Sixty-three years ago, oil made Alaska. Now, as global markets retract, the time appears to be approaching to wonder if oil will unmake the 49th state.
Ignore the millions of dollars being spent to convince Alaskans to vote for or against an increase in taxes on the oil industry in the state. No matter the outcome of that vote it may well prove largely meaningless in the bigger nature of things to come.
Markets are powerful influences, and the markets for oil are changing rapidly in the face of a technological shift back to another old energy source – electricity.
And the shift is about a lot more than the growing use of so-called “renewables” to generate power, although they play a role. There are other major tech shifts underway as well.
Take lighting as but one example. The average 60-watt incandescent bulb produced 16 lumens of light per watt; light-emitting-diode bulbs are now producing 83 lumens per watt, a more than fivefold improvement and the U.S. Energy Information Administration (EIA) projects they will soon be producing “more than 150 lumens per watt.”
Similar energy savings are taking and have taken place in everything from home appliances to power tools to how buildings are heated. A study conducted for the Environmental Protection Agency (EPA) by the National Electrical Manufacturers Association in 2001 found that occupancy sensors to adjust lights and heating can cut energy use by 30 to 60 percent in commercial buildings.
Such sensors are now in wide use as are energy-saving thermostats in homes. They help explain a major shift in U.S. oil use.
Back in the 1970s, about 45 percent of it was consumed to power transportation with 65 percent going to other uses. Today the other uses have gained in efficiency or turned to other forms of energy for power, and the ratios have switched.
Sixty-five percent is used for transportation, and transportation is slowly but steadily electrifying as both batteries and charging technologies evolve.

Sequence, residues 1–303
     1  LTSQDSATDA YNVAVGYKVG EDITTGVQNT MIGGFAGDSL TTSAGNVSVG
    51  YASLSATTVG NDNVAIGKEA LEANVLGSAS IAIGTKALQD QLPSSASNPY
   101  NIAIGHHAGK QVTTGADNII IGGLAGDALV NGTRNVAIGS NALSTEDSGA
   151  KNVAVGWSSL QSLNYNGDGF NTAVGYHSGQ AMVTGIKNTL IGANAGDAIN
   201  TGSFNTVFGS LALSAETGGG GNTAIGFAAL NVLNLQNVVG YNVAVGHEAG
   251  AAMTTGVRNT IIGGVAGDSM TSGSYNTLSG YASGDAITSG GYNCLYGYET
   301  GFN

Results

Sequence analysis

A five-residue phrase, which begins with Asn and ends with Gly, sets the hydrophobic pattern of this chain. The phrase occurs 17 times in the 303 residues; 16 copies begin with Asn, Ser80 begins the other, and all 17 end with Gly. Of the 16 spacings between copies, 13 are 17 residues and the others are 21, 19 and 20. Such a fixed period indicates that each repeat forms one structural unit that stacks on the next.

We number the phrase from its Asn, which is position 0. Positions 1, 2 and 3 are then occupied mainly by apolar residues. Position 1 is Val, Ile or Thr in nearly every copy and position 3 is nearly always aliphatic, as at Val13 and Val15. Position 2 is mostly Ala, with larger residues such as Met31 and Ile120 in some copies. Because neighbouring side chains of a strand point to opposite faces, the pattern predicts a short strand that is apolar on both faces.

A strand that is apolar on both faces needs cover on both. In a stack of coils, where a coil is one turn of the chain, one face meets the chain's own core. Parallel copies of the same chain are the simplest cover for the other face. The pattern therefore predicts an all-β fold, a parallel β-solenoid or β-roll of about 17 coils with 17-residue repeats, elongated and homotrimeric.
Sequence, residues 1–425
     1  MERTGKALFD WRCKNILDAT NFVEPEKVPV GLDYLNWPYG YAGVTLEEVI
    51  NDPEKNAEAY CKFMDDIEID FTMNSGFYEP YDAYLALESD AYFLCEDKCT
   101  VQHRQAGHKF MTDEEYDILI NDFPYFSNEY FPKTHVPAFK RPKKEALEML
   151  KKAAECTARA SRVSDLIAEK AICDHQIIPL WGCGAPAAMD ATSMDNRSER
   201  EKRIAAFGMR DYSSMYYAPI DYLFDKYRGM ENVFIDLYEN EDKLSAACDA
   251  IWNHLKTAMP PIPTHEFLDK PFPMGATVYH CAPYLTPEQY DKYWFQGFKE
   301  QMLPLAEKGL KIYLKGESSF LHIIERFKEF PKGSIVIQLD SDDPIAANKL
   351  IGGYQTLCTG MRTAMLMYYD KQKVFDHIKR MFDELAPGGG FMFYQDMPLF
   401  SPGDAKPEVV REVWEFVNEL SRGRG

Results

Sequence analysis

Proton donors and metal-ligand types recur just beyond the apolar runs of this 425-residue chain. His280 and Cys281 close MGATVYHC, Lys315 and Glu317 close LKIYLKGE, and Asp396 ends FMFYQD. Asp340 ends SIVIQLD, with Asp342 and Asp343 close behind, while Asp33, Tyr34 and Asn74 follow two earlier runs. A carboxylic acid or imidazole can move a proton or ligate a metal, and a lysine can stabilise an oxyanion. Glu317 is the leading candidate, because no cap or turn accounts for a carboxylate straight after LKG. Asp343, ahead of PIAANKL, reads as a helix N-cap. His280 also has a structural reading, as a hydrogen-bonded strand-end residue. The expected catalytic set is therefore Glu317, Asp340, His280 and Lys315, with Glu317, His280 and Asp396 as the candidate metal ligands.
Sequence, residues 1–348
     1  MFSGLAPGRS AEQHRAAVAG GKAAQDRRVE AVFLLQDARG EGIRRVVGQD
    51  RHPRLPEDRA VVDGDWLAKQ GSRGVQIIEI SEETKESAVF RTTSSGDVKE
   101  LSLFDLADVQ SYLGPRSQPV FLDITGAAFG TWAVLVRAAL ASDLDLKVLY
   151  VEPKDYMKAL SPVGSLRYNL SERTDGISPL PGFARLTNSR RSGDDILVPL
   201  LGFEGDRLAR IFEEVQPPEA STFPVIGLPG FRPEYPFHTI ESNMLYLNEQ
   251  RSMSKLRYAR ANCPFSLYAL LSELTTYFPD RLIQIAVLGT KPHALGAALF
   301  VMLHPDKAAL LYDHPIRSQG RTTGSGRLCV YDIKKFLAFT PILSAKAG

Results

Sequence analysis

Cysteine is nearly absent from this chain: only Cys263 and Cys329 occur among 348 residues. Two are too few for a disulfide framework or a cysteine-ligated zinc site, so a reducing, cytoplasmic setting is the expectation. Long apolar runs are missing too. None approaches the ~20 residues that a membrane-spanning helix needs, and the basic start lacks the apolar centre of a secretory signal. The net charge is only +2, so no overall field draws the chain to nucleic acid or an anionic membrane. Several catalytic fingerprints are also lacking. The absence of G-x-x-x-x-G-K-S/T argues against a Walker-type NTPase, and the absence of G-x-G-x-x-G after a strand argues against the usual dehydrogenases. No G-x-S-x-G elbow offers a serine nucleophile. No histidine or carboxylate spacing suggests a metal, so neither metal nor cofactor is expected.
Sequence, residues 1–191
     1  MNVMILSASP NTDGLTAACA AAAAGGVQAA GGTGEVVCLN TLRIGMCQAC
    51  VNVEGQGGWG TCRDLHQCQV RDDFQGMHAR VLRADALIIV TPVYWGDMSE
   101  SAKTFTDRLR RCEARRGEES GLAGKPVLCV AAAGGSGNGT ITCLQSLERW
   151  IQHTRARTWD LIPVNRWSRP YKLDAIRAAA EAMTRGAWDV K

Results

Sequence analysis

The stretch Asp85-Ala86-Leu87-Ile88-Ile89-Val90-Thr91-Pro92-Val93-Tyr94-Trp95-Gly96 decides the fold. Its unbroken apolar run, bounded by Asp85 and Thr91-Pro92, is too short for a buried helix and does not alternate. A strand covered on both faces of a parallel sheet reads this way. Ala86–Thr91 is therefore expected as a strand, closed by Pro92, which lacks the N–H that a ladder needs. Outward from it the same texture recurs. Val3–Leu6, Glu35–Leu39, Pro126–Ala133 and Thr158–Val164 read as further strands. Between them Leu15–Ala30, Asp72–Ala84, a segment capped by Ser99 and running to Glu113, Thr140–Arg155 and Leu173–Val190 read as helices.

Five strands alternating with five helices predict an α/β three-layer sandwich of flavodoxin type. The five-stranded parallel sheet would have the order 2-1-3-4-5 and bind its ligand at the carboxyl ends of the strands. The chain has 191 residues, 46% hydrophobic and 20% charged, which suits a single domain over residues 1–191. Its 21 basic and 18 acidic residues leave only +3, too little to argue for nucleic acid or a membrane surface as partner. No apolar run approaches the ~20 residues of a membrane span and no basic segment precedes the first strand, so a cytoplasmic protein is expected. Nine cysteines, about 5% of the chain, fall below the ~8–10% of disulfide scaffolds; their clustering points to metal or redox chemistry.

Energy consultant Wood-Mackenzie forecasts U.S. sales of electric cars and hybrids will top 1 million by 2025, the year it also projects “global oil demand declines.”
Oil is not going away as an energy source. It will surely stay around as long as anyone reading this is alive. But the law of supply and demand dictates that as demand falls so does price.
This not good news for Alaska, a state heavily dependent on oil production that has seen its oil revenues fall steadily as the volume of state oil production has dropped from a peak of more than 2 million barrels per day in 1988 to 466,000 barrels per day last year, according to the EIA.
That is only 2.4 times what production was in 1973 before construction of the TransAlaska Pipeline System, but Alaska was an entirely different place then.
Back to the future
Alaska was in ’73 a still young state that owed its step up from territorial status largely to an oil discovery only about 15 years earlier.
The year was 1957 when the Richfield Oil Company, the predecessor to the company now known as ConocoPhillips, struck oil on the Kenai Peninsula, and the territory that had been unsuccessfully lobbying for statehood since 1949 was on its way.
Until then, the bad rap on the then 231,000 residents of the remote and frozen north was that they lacked the financial base to support a state. The Swanson River oil find changed that.
“With regard to Alaska’s economic base,” history records, “the discovery of oil in the late summer of 1957 helped the territory leap the final hurdle toward becoming a state. The presence of oil in commercial quantities just outside of Anchorage started an oil rush throughout the Kenai Peninsula. As Alaska’s immense wealth of resources was finally realized, Congress was quickly convinced to disregard past arguments against statehood.”
Still, the small, lightly-populated, young state struggled to support itself. The big change wouldn’t start until an elephant of an oil field was discovered at Prudhoe Bay in 1968.
A year later, the state staged its first big, Arctic sale of oil leases. It was a bonanza.